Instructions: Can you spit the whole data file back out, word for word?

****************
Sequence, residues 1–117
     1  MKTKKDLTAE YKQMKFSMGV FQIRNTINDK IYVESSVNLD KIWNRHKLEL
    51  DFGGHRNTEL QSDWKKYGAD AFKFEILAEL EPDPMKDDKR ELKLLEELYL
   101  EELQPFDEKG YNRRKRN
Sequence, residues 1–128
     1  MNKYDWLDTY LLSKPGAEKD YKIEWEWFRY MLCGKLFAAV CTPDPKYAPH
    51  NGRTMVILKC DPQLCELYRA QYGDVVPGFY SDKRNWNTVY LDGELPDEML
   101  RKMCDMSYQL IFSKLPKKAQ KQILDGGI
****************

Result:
Sequence, residues 1–117
     1  MKTKKDLTAE YKQMKFSMGV FQIRNTINDK IYVESSVNLD KIWNRHKLEL
    51  DFGGHRNTEL QSDWKKYGAD AFKFEILAEL EPDPMKDDKR ELKLLEELYL
   101  EELQPFDEKG YNRRKRN
Sequence, residues 1–128
     1  MNKYDWLDTY LLSKPGAEKD YKIEWEWFRY MLCGKLFAAV CTPDPKYAPH
    51  NGRTMVILKC DPQLCELYRA QYGDVVPGFY SDKRNWNTVY LDGELPDEML
   101  RKMCDMSYQL IFSKLPKKAQ KQILDGGI